Miss Buncle's Book by D.E. Stevenson was one of the first books that I can remember becoming aware of when I started discovering book bloggers who read and write about lesser known, early-to-mid twentieth century, often female, often British writers (a very specific niche indeed). Since then, I'd always had it in the back of my mind as something I needed to get around to reading. When I noticed the cover below staring up at me from the new paperbacks table at the Barnes & Nobel in Union Square, I snapped it up, my excitement over the unexpected find only dampened by a tiny amount of guilt over the fact that I wasn't reading the pretty Persephone edition. That was really the only downside to what turned out to be a thoroughly enjoyable read.
The novel is set in the small English village of Silverstream. A short train ride away from London, it's the kind of place where everybody knows everybody's business and where freshly made buns are still delivered to your doorstep every morning. Barbara Buncle, frumpy and forty-ish, is one of the most unassuming and overlooked of the villagers. In the midst of the Depression of the 1930's, she finds herself needing to supplement her dwindling income. After dismissing an ill-conceived scheme to raise hens, she settles on plan B- writing a novel under a pseudonym. Since Miss Buncle is a keen observer and can only write what she knows, she ends up with a novel that's a barely veiled version of the people and places in Silverstream (a villager named Colonel Weatherhead is turned into the fictional Major Waterfoot, etc.). Throughout her book Miss Buncle's characters behave exactly as their real-life counterparts do until The Golden Boy, an inexplicable and random pied piper figure, comes marching through the town. His presence brings clarity to and ignites the passions of Miss Buncle's characters, all of whom start behaving in extraordinary ways.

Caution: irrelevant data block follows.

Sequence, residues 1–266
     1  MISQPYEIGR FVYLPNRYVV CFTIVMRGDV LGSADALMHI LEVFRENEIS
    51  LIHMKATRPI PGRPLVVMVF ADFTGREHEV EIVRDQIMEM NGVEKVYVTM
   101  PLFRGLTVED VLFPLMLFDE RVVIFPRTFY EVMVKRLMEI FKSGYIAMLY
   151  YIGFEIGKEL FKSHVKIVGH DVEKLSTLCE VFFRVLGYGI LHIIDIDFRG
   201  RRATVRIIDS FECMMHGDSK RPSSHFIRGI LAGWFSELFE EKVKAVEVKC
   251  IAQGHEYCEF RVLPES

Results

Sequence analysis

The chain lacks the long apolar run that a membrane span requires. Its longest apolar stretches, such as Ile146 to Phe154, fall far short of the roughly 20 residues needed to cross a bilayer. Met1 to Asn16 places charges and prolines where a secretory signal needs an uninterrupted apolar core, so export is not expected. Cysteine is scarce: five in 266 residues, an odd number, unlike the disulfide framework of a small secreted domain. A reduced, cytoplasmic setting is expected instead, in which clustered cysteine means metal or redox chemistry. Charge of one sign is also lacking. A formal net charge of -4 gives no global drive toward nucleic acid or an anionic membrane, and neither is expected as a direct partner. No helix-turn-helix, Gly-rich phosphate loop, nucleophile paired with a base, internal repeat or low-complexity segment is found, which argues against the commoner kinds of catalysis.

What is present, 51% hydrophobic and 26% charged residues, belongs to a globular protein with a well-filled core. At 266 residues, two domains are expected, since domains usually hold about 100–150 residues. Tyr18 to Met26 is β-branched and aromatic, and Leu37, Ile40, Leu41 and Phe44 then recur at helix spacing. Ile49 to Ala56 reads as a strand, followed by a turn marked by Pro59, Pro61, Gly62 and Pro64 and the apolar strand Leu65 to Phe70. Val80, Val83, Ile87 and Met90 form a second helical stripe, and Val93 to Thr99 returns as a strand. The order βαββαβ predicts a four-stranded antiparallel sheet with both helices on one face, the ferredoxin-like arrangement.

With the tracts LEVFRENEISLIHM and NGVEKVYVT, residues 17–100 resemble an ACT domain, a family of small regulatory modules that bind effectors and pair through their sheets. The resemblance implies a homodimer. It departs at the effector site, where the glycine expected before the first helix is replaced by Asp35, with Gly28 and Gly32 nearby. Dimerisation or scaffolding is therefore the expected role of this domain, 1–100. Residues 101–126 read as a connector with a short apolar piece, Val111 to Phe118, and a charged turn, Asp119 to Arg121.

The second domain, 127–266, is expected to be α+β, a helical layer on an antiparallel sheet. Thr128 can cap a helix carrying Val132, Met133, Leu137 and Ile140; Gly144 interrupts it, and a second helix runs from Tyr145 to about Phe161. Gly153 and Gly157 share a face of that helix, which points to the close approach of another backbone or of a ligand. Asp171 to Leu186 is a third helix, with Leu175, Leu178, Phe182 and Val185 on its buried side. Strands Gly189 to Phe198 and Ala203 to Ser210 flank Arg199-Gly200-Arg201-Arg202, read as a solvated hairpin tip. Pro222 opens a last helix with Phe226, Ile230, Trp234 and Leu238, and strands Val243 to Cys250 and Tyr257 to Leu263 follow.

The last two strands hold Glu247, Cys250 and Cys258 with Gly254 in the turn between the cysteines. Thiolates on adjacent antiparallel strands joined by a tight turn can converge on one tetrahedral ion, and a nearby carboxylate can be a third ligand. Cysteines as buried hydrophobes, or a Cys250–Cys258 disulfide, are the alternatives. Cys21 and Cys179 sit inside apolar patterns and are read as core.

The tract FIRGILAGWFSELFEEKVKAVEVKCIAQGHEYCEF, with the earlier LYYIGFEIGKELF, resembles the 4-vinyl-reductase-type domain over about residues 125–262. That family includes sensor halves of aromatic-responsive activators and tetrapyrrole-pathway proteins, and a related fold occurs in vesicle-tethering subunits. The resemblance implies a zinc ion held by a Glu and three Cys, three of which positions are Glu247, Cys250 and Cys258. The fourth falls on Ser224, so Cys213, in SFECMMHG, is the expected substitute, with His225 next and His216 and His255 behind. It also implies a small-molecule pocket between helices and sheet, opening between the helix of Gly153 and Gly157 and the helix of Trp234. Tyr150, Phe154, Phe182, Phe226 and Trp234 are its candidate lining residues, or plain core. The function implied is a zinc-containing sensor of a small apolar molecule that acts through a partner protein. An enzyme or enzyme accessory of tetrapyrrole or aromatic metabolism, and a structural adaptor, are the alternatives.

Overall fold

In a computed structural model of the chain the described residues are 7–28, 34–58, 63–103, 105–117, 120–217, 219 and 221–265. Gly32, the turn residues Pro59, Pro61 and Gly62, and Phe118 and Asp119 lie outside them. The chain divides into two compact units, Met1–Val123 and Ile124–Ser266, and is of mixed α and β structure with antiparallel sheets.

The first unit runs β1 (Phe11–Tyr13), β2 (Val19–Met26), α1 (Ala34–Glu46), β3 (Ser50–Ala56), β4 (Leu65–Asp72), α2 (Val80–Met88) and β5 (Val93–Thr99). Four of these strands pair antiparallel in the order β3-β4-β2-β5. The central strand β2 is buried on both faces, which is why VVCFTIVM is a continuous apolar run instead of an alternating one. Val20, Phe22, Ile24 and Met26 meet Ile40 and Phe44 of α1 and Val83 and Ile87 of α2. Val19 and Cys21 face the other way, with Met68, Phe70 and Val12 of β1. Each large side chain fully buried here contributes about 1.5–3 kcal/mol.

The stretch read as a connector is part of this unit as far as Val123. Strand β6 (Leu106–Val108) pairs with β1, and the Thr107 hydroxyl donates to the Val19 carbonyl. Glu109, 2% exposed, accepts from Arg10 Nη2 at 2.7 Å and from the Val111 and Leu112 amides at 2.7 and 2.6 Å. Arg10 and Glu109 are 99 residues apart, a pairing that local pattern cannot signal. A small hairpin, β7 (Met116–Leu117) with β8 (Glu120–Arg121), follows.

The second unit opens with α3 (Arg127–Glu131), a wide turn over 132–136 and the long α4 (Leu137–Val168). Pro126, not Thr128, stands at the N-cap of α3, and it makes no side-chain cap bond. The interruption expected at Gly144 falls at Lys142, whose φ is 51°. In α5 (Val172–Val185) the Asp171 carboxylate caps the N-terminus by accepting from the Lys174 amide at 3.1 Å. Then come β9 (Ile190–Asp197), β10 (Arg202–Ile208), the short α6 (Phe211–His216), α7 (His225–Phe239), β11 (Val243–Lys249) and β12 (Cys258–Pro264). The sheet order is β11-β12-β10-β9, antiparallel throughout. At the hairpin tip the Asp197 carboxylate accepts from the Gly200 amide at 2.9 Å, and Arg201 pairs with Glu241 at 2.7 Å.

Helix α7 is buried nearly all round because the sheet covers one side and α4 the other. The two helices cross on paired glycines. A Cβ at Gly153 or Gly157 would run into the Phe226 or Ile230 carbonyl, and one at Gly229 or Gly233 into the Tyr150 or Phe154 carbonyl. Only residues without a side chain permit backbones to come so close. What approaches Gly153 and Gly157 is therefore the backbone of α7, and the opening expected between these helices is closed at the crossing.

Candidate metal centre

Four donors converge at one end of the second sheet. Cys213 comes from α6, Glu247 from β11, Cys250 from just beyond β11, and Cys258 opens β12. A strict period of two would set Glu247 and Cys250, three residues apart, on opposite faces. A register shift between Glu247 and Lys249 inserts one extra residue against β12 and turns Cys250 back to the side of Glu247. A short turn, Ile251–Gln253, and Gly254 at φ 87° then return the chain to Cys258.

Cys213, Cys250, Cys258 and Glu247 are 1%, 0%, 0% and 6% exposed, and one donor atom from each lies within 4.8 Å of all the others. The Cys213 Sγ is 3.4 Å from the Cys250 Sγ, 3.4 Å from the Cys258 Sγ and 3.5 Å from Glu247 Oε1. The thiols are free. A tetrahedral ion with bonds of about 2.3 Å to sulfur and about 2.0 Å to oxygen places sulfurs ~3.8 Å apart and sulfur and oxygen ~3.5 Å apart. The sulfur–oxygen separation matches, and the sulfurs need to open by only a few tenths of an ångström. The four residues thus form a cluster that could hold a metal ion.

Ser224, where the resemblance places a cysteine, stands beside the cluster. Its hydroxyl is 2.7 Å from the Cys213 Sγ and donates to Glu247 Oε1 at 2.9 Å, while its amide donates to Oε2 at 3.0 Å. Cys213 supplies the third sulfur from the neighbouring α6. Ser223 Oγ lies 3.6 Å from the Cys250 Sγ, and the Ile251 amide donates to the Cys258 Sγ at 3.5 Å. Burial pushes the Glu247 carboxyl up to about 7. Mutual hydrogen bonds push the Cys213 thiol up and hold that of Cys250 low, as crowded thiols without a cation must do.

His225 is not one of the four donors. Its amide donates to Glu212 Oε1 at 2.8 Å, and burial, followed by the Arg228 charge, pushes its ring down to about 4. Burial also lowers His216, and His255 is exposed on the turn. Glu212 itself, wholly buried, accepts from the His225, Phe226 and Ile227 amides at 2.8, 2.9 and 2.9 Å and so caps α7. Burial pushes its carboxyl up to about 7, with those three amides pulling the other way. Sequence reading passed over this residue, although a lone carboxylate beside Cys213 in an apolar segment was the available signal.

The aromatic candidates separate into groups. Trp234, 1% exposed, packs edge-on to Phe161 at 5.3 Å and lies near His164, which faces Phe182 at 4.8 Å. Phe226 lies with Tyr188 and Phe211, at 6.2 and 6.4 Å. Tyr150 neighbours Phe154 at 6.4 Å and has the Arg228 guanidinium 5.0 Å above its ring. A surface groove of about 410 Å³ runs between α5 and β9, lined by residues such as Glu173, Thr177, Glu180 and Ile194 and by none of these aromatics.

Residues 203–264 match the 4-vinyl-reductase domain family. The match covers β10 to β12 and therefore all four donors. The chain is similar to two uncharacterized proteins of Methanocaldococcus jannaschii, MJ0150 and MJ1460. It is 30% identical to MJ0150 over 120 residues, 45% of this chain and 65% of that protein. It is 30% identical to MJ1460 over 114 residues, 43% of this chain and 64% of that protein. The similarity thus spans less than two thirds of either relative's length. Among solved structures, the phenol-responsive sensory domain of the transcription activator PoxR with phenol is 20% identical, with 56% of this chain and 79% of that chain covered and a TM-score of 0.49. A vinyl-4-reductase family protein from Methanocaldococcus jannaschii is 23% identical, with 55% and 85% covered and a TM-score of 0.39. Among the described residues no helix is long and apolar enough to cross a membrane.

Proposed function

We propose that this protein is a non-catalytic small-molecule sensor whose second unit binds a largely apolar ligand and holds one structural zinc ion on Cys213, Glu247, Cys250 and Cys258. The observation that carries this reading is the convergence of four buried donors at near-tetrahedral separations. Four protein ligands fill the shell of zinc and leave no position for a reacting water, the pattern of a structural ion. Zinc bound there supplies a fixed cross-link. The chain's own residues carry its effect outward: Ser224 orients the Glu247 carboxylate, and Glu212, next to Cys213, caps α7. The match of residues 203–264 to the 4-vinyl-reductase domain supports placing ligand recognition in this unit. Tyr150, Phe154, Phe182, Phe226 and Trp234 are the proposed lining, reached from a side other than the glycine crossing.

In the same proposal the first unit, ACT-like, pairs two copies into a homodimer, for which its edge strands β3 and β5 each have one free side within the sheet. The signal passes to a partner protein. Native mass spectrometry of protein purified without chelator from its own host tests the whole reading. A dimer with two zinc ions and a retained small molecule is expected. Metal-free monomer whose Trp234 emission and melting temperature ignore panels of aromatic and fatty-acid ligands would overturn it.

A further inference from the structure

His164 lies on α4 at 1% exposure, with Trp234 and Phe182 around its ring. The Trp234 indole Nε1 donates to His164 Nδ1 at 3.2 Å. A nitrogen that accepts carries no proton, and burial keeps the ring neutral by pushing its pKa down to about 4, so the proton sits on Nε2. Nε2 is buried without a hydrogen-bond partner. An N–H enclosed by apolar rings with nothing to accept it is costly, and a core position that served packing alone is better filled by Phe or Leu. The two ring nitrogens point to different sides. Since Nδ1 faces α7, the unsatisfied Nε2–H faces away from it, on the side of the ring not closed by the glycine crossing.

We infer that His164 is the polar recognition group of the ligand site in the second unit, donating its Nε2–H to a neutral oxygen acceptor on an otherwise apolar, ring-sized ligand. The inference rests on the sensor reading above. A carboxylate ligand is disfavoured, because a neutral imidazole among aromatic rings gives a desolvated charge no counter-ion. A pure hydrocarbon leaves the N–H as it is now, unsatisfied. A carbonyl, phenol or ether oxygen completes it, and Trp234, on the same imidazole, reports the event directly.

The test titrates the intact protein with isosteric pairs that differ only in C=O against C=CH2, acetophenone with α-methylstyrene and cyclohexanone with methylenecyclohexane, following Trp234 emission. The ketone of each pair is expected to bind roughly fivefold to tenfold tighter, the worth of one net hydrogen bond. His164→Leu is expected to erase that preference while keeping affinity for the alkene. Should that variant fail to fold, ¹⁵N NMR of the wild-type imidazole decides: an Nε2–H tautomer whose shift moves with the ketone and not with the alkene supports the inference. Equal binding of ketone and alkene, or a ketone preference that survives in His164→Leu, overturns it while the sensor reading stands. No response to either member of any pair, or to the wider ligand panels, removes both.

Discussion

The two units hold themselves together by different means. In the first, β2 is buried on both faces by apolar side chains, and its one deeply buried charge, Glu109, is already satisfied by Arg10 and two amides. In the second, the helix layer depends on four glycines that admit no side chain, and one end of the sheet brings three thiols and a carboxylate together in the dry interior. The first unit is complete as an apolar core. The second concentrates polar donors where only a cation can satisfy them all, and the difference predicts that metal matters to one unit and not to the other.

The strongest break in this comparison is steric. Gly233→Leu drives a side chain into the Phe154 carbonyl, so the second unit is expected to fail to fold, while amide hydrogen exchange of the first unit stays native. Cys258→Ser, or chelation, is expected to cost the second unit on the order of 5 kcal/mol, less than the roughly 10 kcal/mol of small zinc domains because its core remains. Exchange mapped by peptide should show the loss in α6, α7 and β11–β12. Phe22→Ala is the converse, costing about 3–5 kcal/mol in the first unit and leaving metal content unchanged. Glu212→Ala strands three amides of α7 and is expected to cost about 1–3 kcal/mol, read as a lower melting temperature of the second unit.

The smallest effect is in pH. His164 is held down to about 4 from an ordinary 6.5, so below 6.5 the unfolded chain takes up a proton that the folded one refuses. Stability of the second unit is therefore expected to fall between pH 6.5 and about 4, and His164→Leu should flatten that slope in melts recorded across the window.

Much to Miss Buncle's surprise, her books gets published and becomes a runaway hit. Her amazement turns to dismay when her neighbors begin reading it. Recognizing themselves, a witch hunt of sorts erupts. The town becomes determined to unearth the author of the novel, never once suspecting that it could be Miss Buncle. In an ironic twist in which life starts to imitate art that imitates life, the villagers are shaken out of their usual behavior patterns and start to act in unexpected ways, just as they do in the second half of Miss Buncle's novel. In the "real" Silverstream, the disruptive role of The Golden Boy turns out to be played by Miss Buncle's book itself.
For a novel that's set in a very ordinary sort of world, Miss Buncle's Book is actually a bit mind-bending to summarize. I won't even try to explain the details of the point at which you realize that you're reading a novel about a novel about a novel. I'm sure there's some postmodern interpretation that could be made if you were so inclined, but I'd rather just focus on the fact that this was a really fun story to read. Stevenson writes in a way that's a nice blend of humor and coziness. She pokes fun at various characters without seeming mean or snide; she describes the details of the setting in a way that made me want to jump right into the book, like when Sarah Walker, the town doctor's wife, sits up late in the study waiting for him to come home, reading eating a poached egg and cup of cocoa from a tray; and I don't think it will be giving too much away to say that she manages to pull off a very satisfying ending by granting happy endings to exactly the characters you want them for.